I was recently talking with some friends about how sometimes it is easier to have cultural diversity in a congregation than it is to have socio-economic diversity. If your congregation is culturally diverse, do your leaders all share a similar economic status or educational background? If you live in a monocultural community, does your church have both very rich and very poor members? Questions to ponder…
A few days after our conversation, I was reading in James chapter 2 and came across these verses in the Message version:
“My dear friends, don’t let public opinion influence how you live out our glorious, Christ-originated faith. If a man enters your church wearing an expensive suit, and a street person wearing rags comes in right after him, and you say to the man in the suit, “Sit here, sir; this is the best seat in the house!” and either ignore the street person or say, “Better sit here in the back row,” haven’t you segregated God’s children and proved that you are judges who can’t be trusted?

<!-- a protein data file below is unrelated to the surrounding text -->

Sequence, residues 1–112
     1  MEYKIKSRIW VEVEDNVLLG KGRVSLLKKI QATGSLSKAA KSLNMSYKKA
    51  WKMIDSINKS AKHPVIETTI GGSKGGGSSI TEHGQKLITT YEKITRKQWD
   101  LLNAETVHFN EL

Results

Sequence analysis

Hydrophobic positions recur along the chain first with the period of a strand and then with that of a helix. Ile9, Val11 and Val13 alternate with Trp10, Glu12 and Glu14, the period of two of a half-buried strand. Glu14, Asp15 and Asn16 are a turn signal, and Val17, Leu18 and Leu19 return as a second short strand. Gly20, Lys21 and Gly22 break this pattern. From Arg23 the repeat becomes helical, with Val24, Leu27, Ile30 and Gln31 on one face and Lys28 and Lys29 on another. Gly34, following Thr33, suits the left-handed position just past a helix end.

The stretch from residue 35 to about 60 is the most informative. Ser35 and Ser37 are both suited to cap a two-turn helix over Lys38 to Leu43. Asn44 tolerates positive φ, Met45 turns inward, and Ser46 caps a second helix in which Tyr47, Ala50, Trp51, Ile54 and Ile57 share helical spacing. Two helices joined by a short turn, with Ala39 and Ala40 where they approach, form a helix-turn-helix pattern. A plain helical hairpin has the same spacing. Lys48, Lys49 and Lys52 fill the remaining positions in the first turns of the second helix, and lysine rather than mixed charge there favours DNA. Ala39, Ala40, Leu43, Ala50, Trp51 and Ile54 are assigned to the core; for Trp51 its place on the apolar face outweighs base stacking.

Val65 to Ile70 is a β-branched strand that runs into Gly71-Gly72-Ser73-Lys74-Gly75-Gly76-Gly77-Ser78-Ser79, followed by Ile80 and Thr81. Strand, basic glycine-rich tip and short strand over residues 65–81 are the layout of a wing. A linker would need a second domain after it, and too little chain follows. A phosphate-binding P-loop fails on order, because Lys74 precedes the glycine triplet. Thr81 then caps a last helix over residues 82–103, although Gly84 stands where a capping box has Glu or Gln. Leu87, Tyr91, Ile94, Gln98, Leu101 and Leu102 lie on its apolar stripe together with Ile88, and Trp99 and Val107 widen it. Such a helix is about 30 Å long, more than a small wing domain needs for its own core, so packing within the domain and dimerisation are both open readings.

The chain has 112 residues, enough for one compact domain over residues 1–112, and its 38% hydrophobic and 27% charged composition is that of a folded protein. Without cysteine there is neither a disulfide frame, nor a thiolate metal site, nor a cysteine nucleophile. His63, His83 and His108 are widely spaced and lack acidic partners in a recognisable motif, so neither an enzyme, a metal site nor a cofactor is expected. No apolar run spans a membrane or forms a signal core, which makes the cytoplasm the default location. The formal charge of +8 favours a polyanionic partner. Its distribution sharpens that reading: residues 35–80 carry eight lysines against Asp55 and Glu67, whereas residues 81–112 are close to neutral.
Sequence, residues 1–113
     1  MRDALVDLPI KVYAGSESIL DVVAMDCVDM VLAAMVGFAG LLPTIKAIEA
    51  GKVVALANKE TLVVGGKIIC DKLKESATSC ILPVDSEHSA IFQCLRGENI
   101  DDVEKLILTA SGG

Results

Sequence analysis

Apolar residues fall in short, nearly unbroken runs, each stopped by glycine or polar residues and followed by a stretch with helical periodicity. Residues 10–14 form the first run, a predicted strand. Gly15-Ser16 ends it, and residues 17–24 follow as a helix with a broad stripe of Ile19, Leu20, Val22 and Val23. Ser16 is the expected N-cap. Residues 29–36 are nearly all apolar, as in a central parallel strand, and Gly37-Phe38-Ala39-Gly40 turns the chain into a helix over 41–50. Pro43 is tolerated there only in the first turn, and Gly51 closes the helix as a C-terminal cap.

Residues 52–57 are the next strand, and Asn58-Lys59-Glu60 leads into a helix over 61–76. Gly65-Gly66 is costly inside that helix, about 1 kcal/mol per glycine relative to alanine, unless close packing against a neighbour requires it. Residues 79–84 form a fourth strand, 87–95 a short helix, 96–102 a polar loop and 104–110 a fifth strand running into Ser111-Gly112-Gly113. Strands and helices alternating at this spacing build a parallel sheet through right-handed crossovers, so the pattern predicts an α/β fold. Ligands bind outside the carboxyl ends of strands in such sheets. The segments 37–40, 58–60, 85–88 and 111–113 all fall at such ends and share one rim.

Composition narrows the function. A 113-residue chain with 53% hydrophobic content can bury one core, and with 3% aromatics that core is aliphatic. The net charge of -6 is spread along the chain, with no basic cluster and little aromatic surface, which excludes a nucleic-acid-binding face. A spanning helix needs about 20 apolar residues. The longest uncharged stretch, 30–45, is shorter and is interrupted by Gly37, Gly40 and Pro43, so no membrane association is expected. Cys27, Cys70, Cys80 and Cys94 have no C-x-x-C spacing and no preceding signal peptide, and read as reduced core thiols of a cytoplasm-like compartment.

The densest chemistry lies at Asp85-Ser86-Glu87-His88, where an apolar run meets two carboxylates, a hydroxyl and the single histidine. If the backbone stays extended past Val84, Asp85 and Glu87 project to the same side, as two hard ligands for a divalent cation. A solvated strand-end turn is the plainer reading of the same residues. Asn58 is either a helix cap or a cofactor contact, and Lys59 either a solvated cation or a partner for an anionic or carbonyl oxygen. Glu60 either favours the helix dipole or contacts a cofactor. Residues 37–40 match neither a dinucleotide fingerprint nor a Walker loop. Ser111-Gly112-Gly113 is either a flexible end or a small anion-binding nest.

Listen, dear friends. Isn’t it clear by now that God operates quite differently? He chose the world’s down-and-out as the kingdom’s first citizens, with full rights and privileges. This kingdom is promised to anyone who loves God. And here you are abusing these same citizens! Isn’t it the high and mighty who exploit you, who use the courts to rob you blind? Aren’t they the ones who scorn the new name—“Christian”—used in your baptisms?
You do well when you complete the Royal Rule of the Scriptures: “Love others as you love yourself.” But if you play up to these so-called important people, you go against the Rule and stand convicted by it. You can’t pick and choose in these things, specializing in keeping one or two things in God’s law and ignoring others…
Talk and act like a person expecting to be judged by the Rule that sets us free. For if you refuse to act kindly, you can hardly expect to be treated kindly. Kind mercy wins over harsh judgment every time.”
James 2:1-13 MSG
Would you take a moment to reflect with me?
1. How do we base decisions regarding our worship services or congregational life on public opinion and therefore segregate God’s people?
2. Do the down-and-out (or the young, or the old, or those from minority cultures) have full rights and privileges in our congregation?
3. How do we play up to certain people in our congregation?
I’d love to know your thoughts. Leave a comment and let’s dialogue. May kind mercy win over harsh judgment in our congregations, but first of all, in our hearts.